Purdue researchers are developing a test strip, similar to the common pregnancy test, to detect cervical cancer and eventually other types of cancer and diseases.

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A University of Dayton researcher is creating a different way to study drugs that could potentially shorten the time it takes to develop them.

University of Colorado

A team of University of Colorado Boulder engineers has developed a revolutionary process that cools buildings without the use of refrigerants or electricity.

The material, described in the journal Science, is a glass polymer hybrid and even under direct sunlight can cool objects.

Ann Thompson / WVXU

You may not realize it but the soil is buzzing with conversation. Plants talk to one other. Some conversations are nice and others are nasty.

Through a fungal network plants can warn each other of pending attacks by bacteria or bugs or they can  send herbicides they manufacture to kill other plants.

Ann Thompson / WVXU

Cincinnati Fire dispatchers are now sending crews to emergencies based on their actual real-time physical location  instead of where their fire houses are located.

This real-time GPS vehicle location dispatch has been used by other departments, including Toledo and Columbus, for years, but is new to Cincinnati, the first in Hamilton County to use it beginning this past January.

Meadowlane Farms

Farm animals are increasingly becoming sources of deadly microorganisms like Methicillin-resistant Staphylococcus aureus (MRSA) and that drug-resistant bacteria could be traveling from the farm to your table.

Science Journalist Melinda Wenner Moyer, in an article written for Scientific American, visited three Indiana hog farms last year and witnessed, in two of the cases, crowded barns and special feed laced with antibiotics.

Ann Thompson / WVXU

DESĪN, with offices in Dayton and Michigan, is introducing  Obi™  the robotic dining companion.

For inventor Jon Dekar it was a very personal decade long project. While in high school volunteering, he watched the disabled struggle as well as his own grandfather who slowly lost the ability to feed himself. "You know, it's one of life's basic needs and it's also a fundamental freedom. It's a very intimate personal experience."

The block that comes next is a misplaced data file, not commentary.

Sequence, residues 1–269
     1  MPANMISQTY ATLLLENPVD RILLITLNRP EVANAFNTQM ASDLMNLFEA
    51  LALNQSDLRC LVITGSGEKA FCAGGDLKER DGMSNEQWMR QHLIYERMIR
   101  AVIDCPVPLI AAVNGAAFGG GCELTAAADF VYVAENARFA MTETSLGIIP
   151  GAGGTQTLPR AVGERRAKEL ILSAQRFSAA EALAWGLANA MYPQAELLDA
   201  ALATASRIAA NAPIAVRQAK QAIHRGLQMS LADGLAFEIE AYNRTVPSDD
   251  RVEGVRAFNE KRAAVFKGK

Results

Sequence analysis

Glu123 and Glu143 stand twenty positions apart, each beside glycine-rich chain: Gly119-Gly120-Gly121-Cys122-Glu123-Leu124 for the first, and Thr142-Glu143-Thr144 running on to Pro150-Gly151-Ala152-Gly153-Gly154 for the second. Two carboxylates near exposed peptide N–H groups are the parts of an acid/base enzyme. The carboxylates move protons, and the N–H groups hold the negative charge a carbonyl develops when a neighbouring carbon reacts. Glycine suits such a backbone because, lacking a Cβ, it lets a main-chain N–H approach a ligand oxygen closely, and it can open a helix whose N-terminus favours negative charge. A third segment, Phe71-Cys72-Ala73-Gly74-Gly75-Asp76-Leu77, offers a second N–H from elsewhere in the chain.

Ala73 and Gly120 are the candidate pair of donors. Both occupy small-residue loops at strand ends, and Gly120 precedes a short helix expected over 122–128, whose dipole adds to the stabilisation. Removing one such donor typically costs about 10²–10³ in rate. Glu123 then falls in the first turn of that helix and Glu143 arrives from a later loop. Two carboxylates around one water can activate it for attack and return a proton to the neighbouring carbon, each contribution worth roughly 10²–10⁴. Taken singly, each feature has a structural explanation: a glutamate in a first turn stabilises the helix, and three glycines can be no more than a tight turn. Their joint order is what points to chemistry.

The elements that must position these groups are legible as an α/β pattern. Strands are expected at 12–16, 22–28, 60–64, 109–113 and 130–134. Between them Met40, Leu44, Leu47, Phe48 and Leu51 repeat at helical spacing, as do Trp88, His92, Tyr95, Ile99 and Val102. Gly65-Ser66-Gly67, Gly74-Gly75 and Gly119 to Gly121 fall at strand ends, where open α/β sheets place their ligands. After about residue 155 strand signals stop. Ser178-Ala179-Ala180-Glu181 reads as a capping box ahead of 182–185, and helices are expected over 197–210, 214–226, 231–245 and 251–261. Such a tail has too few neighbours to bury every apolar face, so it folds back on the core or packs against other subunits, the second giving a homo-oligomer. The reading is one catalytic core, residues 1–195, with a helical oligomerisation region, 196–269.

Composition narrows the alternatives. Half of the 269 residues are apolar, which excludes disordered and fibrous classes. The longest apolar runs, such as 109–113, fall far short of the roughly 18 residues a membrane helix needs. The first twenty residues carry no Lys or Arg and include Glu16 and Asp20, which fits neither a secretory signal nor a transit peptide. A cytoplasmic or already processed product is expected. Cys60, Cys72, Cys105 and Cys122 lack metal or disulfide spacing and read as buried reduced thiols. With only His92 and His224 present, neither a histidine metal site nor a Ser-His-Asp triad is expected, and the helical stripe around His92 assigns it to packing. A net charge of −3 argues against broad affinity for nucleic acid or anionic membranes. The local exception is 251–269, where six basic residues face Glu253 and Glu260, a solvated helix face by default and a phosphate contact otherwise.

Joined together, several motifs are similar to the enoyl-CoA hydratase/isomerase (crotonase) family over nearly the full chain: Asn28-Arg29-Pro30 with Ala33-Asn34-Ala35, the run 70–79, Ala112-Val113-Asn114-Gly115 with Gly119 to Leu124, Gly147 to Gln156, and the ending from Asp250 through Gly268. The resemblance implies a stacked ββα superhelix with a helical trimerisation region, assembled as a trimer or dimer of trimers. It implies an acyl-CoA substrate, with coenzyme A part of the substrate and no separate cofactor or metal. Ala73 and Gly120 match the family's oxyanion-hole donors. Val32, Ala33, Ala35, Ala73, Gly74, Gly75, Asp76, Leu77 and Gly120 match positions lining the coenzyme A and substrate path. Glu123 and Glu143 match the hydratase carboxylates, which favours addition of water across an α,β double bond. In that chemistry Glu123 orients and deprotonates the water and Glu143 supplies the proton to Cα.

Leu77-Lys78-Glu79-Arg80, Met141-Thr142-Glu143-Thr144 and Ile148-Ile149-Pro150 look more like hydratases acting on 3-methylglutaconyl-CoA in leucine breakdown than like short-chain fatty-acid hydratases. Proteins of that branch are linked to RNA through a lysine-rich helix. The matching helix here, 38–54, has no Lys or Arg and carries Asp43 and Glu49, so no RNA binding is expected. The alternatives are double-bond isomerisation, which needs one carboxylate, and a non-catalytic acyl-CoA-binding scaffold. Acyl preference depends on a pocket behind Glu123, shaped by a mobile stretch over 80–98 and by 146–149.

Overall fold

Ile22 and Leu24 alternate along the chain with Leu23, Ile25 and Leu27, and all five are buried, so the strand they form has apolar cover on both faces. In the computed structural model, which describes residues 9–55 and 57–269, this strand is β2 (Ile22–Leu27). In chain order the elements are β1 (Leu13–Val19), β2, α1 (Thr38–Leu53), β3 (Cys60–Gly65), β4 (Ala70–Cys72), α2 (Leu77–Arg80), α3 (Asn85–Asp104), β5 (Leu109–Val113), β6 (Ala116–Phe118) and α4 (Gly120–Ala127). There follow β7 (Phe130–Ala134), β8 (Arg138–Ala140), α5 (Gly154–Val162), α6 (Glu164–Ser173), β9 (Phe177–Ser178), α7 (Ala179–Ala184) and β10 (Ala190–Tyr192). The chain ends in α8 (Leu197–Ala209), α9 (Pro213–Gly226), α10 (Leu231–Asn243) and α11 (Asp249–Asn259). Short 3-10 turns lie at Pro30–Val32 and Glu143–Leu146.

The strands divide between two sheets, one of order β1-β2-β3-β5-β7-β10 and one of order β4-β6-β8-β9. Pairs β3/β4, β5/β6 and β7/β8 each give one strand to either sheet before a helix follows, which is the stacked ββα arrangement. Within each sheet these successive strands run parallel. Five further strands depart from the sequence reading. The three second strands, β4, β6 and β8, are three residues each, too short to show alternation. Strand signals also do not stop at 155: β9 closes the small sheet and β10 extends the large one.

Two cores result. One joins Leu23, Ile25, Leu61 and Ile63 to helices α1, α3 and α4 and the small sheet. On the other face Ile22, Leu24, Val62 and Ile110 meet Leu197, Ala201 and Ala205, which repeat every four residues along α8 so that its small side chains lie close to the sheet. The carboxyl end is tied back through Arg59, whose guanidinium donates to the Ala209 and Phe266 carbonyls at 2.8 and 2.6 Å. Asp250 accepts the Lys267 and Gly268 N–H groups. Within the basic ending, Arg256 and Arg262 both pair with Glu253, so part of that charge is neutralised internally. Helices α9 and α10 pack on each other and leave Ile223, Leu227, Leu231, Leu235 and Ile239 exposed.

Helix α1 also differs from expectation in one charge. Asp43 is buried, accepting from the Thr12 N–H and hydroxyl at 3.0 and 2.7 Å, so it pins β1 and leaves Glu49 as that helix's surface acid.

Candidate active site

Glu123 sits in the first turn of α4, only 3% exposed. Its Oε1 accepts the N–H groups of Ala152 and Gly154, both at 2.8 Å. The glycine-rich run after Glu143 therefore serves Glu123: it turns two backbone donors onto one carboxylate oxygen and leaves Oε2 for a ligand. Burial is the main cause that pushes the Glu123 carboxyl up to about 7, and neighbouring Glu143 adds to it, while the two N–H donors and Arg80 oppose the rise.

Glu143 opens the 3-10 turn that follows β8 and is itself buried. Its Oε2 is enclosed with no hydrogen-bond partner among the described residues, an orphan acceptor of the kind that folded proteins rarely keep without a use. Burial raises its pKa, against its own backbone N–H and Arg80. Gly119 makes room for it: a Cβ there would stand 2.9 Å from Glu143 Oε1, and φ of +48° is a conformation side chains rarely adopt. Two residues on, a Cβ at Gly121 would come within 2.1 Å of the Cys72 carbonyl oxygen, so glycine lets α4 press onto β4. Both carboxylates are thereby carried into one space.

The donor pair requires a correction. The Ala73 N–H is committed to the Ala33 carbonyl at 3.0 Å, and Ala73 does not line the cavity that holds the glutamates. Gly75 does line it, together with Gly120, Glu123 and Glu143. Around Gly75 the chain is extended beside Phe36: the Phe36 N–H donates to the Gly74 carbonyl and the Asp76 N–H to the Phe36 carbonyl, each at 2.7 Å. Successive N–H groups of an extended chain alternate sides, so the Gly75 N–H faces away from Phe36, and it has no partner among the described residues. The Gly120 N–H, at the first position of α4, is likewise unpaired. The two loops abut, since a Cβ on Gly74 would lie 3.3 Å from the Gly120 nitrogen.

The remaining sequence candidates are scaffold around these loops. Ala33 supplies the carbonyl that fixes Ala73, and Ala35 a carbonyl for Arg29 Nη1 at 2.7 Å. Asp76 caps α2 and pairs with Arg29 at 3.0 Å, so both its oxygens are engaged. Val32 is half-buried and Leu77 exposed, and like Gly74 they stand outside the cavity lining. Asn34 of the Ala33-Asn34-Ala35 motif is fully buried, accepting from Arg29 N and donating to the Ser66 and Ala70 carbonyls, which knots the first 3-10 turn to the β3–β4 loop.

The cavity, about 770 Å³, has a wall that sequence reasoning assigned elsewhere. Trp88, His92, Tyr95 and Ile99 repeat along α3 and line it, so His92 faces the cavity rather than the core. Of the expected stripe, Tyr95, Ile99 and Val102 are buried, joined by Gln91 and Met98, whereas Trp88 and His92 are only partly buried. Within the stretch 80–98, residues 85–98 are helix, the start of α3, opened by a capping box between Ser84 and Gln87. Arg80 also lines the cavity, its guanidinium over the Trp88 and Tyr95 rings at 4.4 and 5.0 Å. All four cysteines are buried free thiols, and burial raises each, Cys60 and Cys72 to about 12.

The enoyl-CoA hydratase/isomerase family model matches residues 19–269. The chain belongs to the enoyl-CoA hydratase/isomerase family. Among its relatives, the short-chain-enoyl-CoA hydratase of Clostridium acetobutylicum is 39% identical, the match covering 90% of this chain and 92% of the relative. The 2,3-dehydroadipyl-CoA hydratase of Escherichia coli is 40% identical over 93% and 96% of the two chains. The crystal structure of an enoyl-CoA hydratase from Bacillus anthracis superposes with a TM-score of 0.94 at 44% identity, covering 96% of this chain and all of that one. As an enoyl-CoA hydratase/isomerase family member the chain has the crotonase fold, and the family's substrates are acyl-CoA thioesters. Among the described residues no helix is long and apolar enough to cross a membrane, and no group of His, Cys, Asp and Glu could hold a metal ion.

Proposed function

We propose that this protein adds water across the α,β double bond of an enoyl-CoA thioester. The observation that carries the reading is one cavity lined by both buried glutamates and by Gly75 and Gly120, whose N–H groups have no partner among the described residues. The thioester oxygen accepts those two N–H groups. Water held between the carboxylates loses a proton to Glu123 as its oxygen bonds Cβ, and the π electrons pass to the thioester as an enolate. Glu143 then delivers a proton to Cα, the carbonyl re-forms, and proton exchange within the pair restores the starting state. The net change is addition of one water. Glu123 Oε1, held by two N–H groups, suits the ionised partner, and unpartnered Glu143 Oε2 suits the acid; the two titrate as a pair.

Annette Stowasser

To the non-scientist, the Sunburst Diving Beetle doesn't look any different than your average beetle. But put it under a microscope and examine the complexity of its eyes. You will see bifocal eyes-six sets of them.

Ann Thompson / WVXU

Every year the 3D global market is losing $100 billion due to manufacturing theft according to the latest statistics. Those losses could eventually total 30 percent of the market according to the head of the Cincinnati start-up, Physna.

CDC

Cybersecurity is such a high priority for the U.S. government that President-elect Trump is asking intelligence officials to do a major report on hacking in 90 days.

A recent report identified the top cybersecurity threats for 2017. They include:

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This spring a camera will begin taking pictures of the Ohio River at California, Kentucky to identify rare but toxic algal blooms as much as a day before they become a danger to drinking water.

A partnership between Thomas More College, Northern Kentucky University, the Environmental Protection Agency and the Ohio River Valley Water Sanitation Commission (ORSANCO) is developing a network of cameras that will take pictures of the Ohio River and analyze the information in a computer algorithm.

Ann Thompson / WVXU

A roomful of patients have blank stares as they eye medical students and professionals inside a $3.3 million simulation laboratory at the Dayton VA Medical Center.

Ann Thompson / WVXU

A special lamp that mimics the sun could be the key to University of Cincinnati researchers developing a topical cream that may be able to repair skin damage from ultraviolet rays.

The solar simulator  was a gift from the Andy Caress Melanoma Foundation and Melanoma Know More Foundation.

Ann Thompson / WVXU

A group of really smart students at Lakota East High School, known to fellow teens as the kids trying to find a cure for AIDS, is taking its plan to the next level by meeting with the head of AIDS research at the University of Cincinnati.

Cincinnati Reds

Despite some nudging by individual teams, Major League Baseball is taking technology baby steps. Earlier this year it lifted its ban of smartphones, tablets and laptops in the dugout and inked a deal with Apple for iPad Pros.

Ohio Turnpike

In the next month you could start seeing self-driving vehicles in Ohio. The state has been quietly marketing itself to manufacturers as a ready, willing and able partner in the self-driving vehicle arena.